The impact of body mass index on treatment outcomes for patients with low-intermediate risk prostate cancer.

Little is known about the relationship between preoperative body mass index and need for adjuvant radiation therapy (RT) following radical prostatectomy. The goal of this study was to evaluate the utility of body mass index in predicting adverse clinical outcomes which require adjuvant RT among men with organ-confined prostate cancer (PCa).

We used a prospective cohort of 1,170 low-intermediate PCa risk men who underwent radical prostatectomy and evaluated the effect of body mass index on adverse pathologic features and freedom from biochemical failure (FFbF). Clinical and pathologic variables were compared across the body mass index groups using an analysis of variance model for continuous variables or χ(2) for categorical variables. Factors related to adverse pathologic features were examined using logistic regression models. Time to biochemical recurrence was compared across the groups using a log-rank survivorship analysis. Multivariable analysis predicting biochemical recurrence was conducted with a Cox proportional hazards model.

Patients with elevated body mass index (defined as body mass index ≥25 kg/m(2)) had greater extraprostatic extension (p = 0.004), and positive surgical margins (p = 0.01). Elevated body mass index did not correlate with preoperative risk groupings (p = 0.94). However, when compared with non-obese patients (body mass index <30 kg/m(2)), obese patients (body mass index ≥30 kg/m(2)) were much more likely to have higher rate of adverse pathologic features (p = 0.006). In patients with low- and intermediate- risk disease, obesity was strongly associated with rate of pathologic upgrading of tumors (p = 0.01 and p = 0.02), respectively. After controlling for known preoperative risk factors, body mass index was independently associated with ≥2 adverse pathologic features (p = 0.002), an indicator for adjuvant RT as well as FFbF (p = 0.001).

Body mass index of ≥30 kg/m(2) is independently associated with adverse pathologic features, which is an indicator for additional RT, particularly in patients with low-intermediate risk disease. Future studies may determine if this select group of patients may be best treated with definitive RT to reduce toxicity from additional RT following radical prostatectomy. We propose including body mass index in clinical decision-making for appropriate treatment recommendation for patients with low-intermediate risk PCa.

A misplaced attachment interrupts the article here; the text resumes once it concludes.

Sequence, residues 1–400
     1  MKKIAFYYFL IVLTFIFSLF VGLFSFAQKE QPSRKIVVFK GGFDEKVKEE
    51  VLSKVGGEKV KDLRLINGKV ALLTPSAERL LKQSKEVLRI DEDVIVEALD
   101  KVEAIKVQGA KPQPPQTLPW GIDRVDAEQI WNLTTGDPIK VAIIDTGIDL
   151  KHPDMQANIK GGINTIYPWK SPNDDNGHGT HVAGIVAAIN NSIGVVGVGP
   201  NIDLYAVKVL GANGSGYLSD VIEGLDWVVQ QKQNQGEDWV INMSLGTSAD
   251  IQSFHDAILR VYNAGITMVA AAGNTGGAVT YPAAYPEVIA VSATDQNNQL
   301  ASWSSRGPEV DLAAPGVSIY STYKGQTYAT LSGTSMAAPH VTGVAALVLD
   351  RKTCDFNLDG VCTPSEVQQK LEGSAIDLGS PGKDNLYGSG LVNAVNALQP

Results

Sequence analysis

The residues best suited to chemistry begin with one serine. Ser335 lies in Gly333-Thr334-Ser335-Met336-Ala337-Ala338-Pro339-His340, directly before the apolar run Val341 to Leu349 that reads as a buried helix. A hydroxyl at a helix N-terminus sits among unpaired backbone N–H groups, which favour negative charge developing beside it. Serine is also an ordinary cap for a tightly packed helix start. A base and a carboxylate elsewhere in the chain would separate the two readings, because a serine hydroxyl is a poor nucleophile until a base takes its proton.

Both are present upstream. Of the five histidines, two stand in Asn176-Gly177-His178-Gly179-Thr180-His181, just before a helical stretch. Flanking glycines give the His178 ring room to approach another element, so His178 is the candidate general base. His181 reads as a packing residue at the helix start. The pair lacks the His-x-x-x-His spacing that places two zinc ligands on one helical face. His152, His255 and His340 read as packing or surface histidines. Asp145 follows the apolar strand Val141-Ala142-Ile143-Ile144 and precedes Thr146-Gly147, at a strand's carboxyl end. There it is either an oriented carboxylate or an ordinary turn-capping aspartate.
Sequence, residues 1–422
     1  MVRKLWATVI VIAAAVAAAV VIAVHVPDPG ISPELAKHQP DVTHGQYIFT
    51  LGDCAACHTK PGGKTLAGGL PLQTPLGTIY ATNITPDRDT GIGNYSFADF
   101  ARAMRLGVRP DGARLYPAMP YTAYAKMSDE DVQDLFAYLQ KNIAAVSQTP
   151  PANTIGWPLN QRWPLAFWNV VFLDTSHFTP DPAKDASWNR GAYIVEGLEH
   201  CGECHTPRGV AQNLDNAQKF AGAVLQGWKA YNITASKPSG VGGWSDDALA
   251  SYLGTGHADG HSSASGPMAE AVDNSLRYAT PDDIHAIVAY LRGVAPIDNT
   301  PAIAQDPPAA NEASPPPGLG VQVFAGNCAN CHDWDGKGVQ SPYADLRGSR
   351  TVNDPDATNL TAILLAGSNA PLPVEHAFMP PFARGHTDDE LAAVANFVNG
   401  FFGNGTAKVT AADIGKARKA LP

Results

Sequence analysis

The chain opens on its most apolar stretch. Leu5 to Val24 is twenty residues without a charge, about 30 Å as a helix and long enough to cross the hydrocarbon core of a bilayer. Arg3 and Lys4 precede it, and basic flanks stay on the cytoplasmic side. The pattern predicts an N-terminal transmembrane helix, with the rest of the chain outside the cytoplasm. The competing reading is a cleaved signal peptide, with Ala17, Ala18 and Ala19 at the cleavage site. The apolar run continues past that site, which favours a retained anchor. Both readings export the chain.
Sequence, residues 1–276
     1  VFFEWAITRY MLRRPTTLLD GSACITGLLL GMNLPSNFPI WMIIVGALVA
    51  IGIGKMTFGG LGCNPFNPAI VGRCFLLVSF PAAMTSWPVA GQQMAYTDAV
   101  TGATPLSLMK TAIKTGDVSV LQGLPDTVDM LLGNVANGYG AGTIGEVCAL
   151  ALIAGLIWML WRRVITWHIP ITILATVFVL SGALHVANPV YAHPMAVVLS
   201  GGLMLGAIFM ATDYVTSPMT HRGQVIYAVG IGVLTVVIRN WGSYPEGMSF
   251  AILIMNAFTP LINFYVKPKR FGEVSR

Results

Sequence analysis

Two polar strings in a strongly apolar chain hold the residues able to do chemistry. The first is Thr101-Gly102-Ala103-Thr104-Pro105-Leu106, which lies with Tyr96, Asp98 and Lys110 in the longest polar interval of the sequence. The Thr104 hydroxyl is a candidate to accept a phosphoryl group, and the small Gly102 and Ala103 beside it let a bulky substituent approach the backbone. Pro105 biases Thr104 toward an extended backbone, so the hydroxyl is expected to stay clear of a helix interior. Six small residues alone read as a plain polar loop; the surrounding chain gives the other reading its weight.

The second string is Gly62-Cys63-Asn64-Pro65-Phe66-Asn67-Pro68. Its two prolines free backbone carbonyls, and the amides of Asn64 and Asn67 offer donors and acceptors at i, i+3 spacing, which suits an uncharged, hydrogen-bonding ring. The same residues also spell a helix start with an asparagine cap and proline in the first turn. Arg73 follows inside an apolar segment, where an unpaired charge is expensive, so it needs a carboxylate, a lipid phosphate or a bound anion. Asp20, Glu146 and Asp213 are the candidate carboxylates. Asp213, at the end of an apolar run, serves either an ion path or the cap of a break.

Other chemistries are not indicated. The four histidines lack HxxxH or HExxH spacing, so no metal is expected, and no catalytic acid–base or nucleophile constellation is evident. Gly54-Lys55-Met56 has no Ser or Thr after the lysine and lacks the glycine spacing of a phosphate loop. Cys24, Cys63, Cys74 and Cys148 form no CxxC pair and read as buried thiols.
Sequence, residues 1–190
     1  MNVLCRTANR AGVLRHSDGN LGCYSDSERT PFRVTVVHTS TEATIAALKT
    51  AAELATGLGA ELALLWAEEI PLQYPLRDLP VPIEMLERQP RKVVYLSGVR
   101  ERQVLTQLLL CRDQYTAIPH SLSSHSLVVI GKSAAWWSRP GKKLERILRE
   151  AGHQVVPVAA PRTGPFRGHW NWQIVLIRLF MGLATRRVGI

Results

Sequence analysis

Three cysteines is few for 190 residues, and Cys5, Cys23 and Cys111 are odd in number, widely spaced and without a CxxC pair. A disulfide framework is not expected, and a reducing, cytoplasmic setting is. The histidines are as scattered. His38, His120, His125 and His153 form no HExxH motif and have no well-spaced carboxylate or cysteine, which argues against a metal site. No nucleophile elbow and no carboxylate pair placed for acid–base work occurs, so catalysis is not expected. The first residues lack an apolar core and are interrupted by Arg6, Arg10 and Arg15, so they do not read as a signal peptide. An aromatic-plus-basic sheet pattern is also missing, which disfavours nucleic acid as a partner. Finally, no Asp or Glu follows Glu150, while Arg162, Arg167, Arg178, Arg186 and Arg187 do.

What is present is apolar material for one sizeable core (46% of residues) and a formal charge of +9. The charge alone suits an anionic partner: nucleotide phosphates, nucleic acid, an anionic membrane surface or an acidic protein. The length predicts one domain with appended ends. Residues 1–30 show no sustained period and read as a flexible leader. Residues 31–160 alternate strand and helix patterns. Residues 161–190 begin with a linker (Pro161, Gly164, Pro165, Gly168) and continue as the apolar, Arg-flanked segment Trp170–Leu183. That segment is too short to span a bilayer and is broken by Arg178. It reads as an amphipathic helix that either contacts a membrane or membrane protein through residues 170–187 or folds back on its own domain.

BMC cancer. 2016 Jul 29*** epublish ***

Kosj Yamoah, Charnita M Zeigler-Johnson, Abra Jeffers, Bruce Malkowicz, Elaine Spangler, Jong Y Park, Alice Whittemore, Timothy R Rebbeck

Department of Radiation Oncology and Cancer Epidemiology, Moffitt Cancer Center & Research Institute, 12902 USF Magnolia Drive, Tampa, FL, 33612, USA. ., Jefferson Medical College and Kimmel Cancer Center of Thomas Jefferson University, Philadelphia, PA, USA., Stanford University School of Medicine, Stanford, CA, USA., The Abramson Cancer Center, University of Pennsylvania Perelman School of Medicine, Philadelphia, PA, USA., The Abramson Cancer Center, University of Pennsylvania Perelman School of Medicine, Philadelphia, PA, USA., Department of Radiation Oncology and Cancer Epidemiology, Moffitt Cancer Center & Research Institute, 12902 USF Magnolia Drive, Tampa, FL, 33612, USA., Stanford University School of Medicine, Stanford, CA, USA., Dana Farber Cancer Institute and Harvard TH Chan School of Public Health, Boston, MA, USA.